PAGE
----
Barbaro and Dissanayake (2007) A Comparative Study of the Use and Understanding of Self-Presentational Display Rules in Children with High Functioning Autism and Asperger’s Disorder

The use and understanding of self-presentational display rules (SPDRs) was investigated in 21 children with high-functioning autism (HFA), 18 children with Asperger’s disorder (AspD) and 20 typically developing (TD) children (all male, aged 4- to 11-years, matched on mental age). Their behaviour was coded during a deception scenario to assess use of SPDRs; understanding of SPDRs was assessed via three real/apparent emotion-understanding vignettes. The children with HFA and AspD used less effective SPDRs than the TD children, but there were no group differences in understanding SPDRs. The children with HFA and AspD did not differ on their use or understanding of SPDRs, and the results are discussed in relation to the similarities and differences between these diagnostic conditions. Barbaro, J. and Dissanayake, C. (2007). A Comparative Study of the Use and Understanding of Self-Presentational Display Rules in Children with High Functioning Autism and Asperger’s Disorder. Journal of Autism and Developmental Disorders. Vol. 37, p. 1235–1246.
 

Burke (2010) A better life: Alternative approaches from the perspective of families and carers of older people with high support needs

This paper draws on case studies from Counsel and Care’s advice service to highlight issues raised by carers of older people with high support needs. It explores how ‘traditional approaches’ such as residential care and extra care housing could be improved and considers the importance of housing in alternative approaches. It also suggests key elements of a future agenda. Burke, S. (2010). A better life: Alternative approaches from the perspective of families and carers of older people with high support needs. York: Joseph Rowntree Foundation.
 

Wilkinson (2010) A Best Practice Guide to Assessment and Intervention for Autism and Asperger Syndrome in Schools

With a focus on best practice and the importance of early diagnosis, this book provides a practical and scientifically-based approach to the assessment and diagnosis of Asperger Syndrome and autism spectrum disorder. This book offers a balance of conceptual, practical and empirical information designed to bridge the research-to-practice gap in identifying, assessing, and treating school-aged children with autism-related conditions. Assessment tools and intervention strategies will support school-based professionals in identifying and assessing young people with high-functioning autism spectrum disorder, developing and implementing classroom-based intervention programs, initiating a dialogue between parents and teachers, accessing community resources and promoting special needs advocacy. Wilkinson, L. A. (2010). A Best Practice Guide to Assessment and Intervention for Autism and Asperger Syndrome in Schools. London: Jessica Kingsley Publishers.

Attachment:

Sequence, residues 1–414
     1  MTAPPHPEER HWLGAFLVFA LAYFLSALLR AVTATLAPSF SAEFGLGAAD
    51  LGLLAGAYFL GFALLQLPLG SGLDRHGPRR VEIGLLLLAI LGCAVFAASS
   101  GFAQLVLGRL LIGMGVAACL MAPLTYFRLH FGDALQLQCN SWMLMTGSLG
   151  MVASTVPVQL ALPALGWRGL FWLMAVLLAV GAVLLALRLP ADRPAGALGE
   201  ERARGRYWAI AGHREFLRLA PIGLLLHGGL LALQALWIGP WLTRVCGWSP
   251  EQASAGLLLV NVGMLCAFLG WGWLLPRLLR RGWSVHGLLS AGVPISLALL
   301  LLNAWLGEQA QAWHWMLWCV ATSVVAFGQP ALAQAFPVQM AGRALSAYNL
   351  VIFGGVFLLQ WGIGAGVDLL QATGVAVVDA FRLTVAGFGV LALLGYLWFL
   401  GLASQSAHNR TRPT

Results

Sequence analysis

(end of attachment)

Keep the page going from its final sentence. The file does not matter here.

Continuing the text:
Dunn Buron (2007) A “5” is against the law! Social boundaries: straight up! An honest guide for teens and young adults

Building on her popular 5-Point Scale, A 5 Is Against the Law! Kari Dunn Buron takes a narrower look at challenging behavior with a particular focus on behaviors that can spell trouble for adolescents and young adults who have difficulty understanding and maintaining social boundaries. Using a direct and simple style with lots of examples and hands-on activities, A 5 Is Against the Law! speaks directly to adolescents and young adults. Dunn Buron, K. (2007). A "5" is against the law! Social boundaries: straight up! An honest guide for teens and young adults. Overland Park, KS : Autism Asperger Publishing Co.
 

Dunn Buron (2007) A “5” Could Make Me Lose Control! An activity-based method for evaluating and supporting highly anxious students

This unique hands-on activity helps students who are highly anxious cope with their stress by systematizing social and emotional information. Using this self-contained product, the student literally sorts cards describing highly stressful situations into colorful pockets designating stress levels, ranging from 5-1, as a first step in changing the way he thinks about and responds to emotions such as anxiety, sadness and anger. A laminated erasable page and blank cards enable parents and teachers to individualize this innovative program. Suggestions for how to include it as part of a functional behavior assessment and a problem-solving activity are included. Dunn Buron, K. (2007). A "5" Could Make Me Lose Control! An activity-based method for evaluating and supporting highly anxious students. Overland Park, KS: Autism Asperger Publishing Co.